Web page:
Facile Preparation of Nanoparticles for Biomedical and Chemical Applications
For Information, Contact:
Craig Forney
Commercialization Manager, Chemistry and Materials Sciences
Web Published:
An Iowa State University researcher has developed a method for preparing nanoparticles that may enable microencapsulation of drugs for site-specific drug delivery.

Development Stage:
Entrapment and subsequent rapid release of mock hydrophobic drugs has been shown experimentally, and ISU is seeking partners interested in commercializing this technology

Many potential drug candidates identified through high through-put screening have limited water solubility and thus are not advanced further in the drug development process.  Surfactant micelles can be used to solublize hydrophic agents in water; however, their utility for drug delivery is limited by the requirement for high critical micelle concentration (CMC), low thermodynamic stability, and because micelle assembly is highly variable.  Polymeric micelles have several advantages over surfactant micelles, including the tendency to aggregate at much lower concentrations, better thermodynamic stability and the ability to entrap or covalently attach a drug or other cargo with subsequent controlled release.  Unfortunately, physically trapped drugs can leak out the micelles prematurely but covalent attachment between the drug and delivery vessel places severe limits on their structures and also adds complexity to the formulation and production of the ultimate therapeutic package. To overcome these drawbacks, an ISU researcher has developed a method for simple preparation of nanoparticles for biomedical and chemical applications.  This method produces surface-crosslinked micelles (SCMs) that have numerous residual alkynes on the surface; multivalent modification can be accomplished easily by adding azide-functionalized polymers or ligands after crosslinking through “click” chemistry. The surface charge may be simply tuned by the cross-linked surfactants or through post-modification. The SCMs have been shown experimentally to be able to release entrapped cargo very rapidly and may have utility for drug delivery and other biomedical and chemical applications.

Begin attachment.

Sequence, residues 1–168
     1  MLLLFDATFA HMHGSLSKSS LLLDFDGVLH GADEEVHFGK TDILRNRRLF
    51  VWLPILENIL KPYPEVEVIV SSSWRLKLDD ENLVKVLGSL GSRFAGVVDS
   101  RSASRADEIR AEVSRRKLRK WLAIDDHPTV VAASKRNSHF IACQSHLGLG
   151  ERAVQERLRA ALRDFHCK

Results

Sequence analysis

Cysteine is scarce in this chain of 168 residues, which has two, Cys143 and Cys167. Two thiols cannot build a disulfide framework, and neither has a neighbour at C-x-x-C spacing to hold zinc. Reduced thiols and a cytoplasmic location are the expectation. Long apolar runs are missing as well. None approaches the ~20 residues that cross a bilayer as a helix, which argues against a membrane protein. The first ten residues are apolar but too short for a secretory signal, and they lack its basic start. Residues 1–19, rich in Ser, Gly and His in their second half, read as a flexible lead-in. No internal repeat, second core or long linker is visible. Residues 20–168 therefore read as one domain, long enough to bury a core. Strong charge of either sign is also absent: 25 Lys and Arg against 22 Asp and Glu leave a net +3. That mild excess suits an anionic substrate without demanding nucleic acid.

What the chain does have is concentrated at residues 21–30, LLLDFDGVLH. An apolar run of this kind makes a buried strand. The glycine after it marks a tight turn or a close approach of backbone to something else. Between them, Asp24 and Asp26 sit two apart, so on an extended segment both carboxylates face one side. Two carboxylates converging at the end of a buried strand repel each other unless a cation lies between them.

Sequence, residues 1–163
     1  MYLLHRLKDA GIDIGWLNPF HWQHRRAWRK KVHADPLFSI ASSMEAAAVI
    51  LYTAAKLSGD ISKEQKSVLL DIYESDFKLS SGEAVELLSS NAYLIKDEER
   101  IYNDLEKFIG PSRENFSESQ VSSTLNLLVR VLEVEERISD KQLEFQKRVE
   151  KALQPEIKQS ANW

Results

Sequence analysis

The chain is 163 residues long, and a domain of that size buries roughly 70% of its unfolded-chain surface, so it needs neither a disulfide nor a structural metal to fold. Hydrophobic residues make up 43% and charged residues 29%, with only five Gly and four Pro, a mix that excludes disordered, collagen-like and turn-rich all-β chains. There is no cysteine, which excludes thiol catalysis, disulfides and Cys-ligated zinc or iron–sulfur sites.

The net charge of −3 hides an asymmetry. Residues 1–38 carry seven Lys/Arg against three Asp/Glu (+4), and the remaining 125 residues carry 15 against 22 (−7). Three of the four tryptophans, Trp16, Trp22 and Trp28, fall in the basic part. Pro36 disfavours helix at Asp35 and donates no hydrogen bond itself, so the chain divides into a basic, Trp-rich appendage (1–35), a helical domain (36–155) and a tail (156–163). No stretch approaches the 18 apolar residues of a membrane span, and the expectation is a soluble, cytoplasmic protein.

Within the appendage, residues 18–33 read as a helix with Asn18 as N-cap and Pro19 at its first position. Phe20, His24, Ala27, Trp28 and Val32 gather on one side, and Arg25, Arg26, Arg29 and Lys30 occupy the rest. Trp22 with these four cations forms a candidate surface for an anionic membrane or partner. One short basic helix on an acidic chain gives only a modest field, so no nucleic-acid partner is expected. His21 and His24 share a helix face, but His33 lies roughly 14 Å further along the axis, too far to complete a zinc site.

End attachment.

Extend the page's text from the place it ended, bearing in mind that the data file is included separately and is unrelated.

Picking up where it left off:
• Economical (production of the nanoparticles does not require iterative synthesis or rare metals)
• Simple (surface-functionalization is carried out in one-pot after crosslinking)
• Versatile (synthesis method is applicable to micelles, organic or inorganic nanoparticles, liposomes, globular or rod-like reversed micelles)
• Controllable (stimuli-triggered release can be engineered into the particles)
Drug delivery; controlled release; multivalent ligand design; solubilization

Patent Information:
*To see the full version of the patent(s), follow the link below, then click on "Images" button.
Country Serial No. Patent No. Issued Date
United States 13/640,698 8,790,621* 7/29/2014
United States 14/316,585 9,320,713* 4/26/2016

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